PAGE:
While the national economy is booming due to federal tax and pro-growth policies, our state has seen positive economic growth year over year. For example, sales tax receipts grew 8 percent or $713 million by the end of May, Personal Income Tax grew 5 percent or $633 million, and Corporate Net Income tax grew 20 percent, or $507 million, for an approximate total of $2.825 billion.

The governor’s proposed budget in February was $34.15 billion, an increase of $927 million, or 2.8 percent. However, he had already overspent his previous year’s budget by $750,000 in supplementals – a more than 4 percent increase. In my opinion, the additional supplemental spending is unfortunate, and I intend to help promote budget reform the second half of the year. We must rein in the uncapped spending spree that occurs in Harrisburg when we have a surplus, and instead pay down debt, reduce property taxes and save for future economic downturns.

After weeks of negotiations, I joined my colleagues in the House with a strong bipartisan vote in favor of a $33,997,395 budget for 2019-20. There are no new taxes or fees in this budget, and it is a conservative $149 million less than what the governor proposed in February. There is no Pennsylvania State Police buy-back, no teacher minimum salary increase, no “Restore PA,” no combined reporting, and no minimum wage increase. We are fully funding our state pension obligation, among several other line items.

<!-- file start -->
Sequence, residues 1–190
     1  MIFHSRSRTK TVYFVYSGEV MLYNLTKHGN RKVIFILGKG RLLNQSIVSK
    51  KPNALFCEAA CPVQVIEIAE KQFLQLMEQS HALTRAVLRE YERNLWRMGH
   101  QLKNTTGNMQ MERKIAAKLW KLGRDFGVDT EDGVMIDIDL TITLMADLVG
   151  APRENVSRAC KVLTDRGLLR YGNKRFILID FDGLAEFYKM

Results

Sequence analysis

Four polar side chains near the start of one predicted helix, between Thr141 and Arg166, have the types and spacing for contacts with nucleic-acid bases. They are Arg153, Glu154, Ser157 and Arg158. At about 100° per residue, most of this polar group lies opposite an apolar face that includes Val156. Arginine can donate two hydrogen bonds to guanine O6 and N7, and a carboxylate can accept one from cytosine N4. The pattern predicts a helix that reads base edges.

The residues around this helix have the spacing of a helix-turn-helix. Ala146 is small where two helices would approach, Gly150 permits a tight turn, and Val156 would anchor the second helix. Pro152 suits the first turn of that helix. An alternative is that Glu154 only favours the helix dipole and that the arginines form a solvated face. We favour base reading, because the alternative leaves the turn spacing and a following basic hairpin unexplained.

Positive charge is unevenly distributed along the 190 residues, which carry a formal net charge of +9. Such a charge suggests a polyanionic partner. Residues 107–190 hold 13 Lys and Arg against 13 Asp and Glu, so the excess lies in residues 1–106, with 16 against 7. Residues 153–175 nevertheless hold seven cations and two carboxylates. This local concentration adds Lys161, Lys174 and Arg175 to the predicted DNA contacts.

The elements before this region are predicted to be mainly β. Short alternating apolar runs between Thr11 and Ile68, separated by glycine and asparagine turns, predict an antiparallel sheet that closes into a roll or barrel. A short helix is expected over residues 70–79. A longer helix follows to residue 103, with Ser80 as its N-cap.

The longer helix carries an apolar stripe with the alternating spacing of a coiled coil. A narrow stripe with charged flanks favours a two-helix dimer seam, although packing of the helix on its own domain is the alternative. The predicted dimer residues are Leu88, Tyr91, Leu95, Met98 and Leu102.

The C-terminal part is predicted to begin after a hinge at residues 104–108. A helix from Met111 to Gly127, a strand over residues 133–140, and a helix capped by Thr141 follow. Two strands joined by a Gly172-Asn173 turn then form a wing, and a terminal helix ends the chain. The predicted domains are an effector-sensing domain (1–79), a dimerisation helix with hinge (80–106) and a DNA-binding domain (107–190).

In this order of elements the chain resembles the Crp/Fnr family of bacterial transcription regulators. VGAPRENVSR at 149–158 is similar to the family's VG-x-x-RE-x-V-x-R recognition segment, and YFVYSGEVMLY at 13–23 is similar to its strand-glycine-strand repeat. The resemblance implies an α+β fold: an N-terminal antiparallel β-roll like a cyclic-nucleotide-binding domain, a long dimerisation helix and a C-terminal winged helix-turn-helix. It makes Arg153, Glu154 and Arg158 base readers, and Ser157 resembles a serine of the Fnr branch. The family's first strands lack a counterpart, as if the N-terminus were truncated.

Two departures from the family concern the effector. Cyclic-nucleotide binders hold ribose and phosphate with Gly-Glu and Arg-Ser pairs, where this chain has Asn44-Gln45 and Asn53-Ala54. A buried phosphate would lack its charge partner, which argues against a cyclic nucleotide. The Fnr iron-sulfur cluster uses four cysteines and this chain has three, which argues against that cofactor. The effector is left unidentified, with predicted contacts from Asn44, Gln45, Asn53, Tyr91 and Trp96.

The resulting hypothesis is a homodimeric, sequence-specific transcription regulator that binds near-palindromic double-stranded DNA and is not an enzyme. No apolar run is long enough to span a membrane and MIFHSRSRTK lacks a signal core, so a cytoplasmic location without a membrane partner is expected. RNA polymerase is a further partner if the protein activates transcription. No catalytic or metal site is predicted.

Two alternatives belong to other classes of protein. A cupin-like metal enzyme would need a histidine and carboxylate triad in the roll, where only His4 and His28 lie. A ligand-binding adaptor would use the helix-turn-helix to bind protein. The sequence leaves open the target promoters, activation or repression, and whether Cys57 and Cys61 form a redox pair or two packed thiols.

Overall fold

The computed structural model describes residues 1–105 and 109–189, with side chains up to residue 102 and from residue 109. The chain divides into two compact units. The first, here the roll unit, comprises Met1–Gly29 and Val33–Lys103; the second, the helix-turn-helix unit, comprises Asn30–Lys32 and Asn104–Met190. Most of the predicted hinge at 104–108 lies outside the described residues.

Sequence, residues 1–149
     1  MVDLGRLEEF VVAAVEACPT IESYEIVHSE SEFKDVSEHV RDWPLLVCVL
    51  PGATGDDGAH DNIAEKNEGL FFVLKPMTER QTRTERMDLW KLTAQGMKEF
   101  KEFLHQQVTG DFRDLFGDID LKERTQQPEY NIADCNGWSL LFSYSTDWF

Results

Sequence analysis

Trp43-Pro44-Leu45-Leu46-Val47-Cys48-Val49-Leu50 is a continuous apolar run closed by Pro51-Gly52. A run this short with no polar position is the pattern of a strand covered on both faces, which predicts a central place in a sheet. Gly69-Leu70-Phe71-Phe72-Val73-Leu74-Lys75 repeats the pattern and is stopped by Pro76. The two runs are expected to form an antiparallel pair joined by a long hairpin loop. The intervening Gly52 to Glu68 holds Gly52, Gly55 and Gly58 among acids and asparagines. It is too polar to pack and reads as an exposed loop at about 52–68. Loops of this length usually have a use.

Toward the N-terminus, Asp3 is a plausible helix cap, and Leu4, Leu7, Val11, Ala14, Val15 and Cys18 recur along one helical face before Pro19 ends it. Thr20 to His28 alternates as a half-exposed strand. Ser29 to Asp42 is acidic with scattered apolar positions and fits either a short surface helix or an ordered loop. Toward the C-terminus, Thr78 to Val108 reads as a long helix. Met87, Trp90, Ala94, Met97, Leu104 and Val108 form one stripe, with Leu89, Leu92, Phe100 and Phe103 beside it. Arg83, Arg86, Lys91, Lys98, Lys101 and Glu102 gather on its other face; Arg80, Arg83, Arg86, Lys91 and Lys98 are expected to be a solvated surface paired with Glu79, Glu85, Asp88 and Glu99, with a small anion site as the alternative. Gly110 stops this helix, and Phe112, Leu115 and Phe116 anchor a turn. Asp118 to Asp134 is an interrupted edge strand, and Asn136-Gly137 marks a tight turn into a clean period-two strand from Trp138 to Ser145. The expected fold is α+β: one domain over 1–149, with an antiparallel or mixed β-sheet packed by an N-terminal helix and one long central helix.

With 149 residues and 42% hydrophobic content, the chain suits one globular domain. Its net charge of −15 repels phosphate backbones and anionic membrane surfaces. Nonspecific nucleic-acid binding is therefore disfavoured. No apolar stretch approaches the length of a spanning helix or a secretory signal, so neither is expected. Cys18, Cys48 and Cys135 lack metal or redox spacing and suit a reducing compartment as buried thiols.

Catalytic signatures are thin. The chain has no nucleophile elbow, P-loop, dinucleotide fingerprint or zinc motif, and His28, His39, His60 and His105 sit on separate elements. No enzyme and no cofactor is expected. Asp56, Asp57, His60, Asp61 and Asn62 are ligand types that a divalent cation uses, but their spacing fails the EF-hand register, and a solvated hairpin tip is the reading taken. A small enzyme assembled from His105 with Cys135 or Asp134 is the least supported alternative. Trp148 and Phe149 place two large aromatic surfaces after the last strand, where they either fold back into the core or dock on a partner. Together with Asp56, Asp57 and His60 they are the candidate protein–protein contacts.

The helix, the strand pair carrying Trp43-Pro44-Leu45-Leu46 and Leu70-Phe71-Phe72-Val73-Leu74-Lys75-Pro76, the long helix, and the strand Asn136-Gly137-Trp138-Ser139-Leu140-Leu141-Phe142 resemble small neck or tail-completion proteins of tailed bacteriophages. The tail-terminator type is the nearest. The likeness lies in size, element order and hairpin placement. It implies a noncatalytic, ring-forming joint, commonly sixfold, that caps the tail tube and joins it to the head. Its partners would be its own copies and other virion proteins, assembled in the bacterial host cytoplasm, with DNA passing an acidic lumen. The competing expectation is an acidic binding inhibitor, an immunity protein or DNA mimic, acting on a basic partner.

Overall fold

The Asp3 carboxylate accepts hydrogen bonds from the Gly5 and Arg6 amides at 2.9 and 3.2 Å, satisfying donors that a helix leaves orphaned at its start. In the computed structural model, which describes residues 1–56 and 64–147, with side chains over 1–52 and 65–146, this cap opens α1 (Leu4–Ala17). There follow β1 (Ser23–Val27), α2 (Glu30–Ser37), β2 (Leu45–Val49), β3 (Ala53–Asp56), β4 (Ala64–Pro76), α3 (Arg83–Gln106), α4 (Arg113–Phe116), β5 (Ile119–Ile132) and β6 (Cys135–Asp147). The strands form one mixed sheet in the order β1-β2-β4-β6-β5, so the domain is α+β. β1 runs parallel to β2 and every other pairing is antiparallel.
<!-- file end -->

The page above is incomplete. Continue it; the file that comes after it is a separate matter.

This budget puts 100 percent of the fund balance at the end of June 2019 into the Rainy Day Fund; at least $250,000. Why is this important? Before 9/11, PA had over $3 billion in our Rainy Day Fund, in the event of emergencies, and reserve for bond ratings. Currently, we have $28 million.

We need to build up these reserves in the event of another economic downturn.

Pre-K through 12 education would increase by $432 million; $50 million more for special education; $25 million for Pre-K counts; $25 million more for the Educational Improvement Tax

Credit program; school safety grants are being funded at $60 million; and public libraries are getting a $5 million bump.

Those who have followed my work in the House know, I have been a strong proponent of helping to train folks for the many family-sustaining jobs in our state, as some 71,000 Pennsylvania manufacturing jobs went unfilled last year. We have dedicated $10 million to career and technical education and equipment and boosted funding for many of our technical schools to a basic demand for skilled workers in numerous fields.

I also voted to put an additional $26.3 million toward mental health services, $84.8 million for in-home care for folks with intellectual disabilities and $12 million more for seniors and those with physical disabilities.

As a commonwealth, we ought to help those in our community who can’t help themselves, especially when we have the means to do so.

We have ensured that agriculture, one of the pillars of Cumberland County’s economy, was saved from the governor’s proposed cuts. We added $1 million for livestock and consumer protection; $2 million for the Animal Health and Diagnostics Commission; and $4.5 million for Agriculture and Workforce Investment. All told, agriculture will see a $19.5 million increase over last year, a 12.8 percent boost.

You can view the total budget at: www.PABudget.com.

If anyone has questions, please call my office at: (717) 249-1990. Also, please follow me on Facebook at: facebook.com/RepGleim, and on Twitter: @repgleim.

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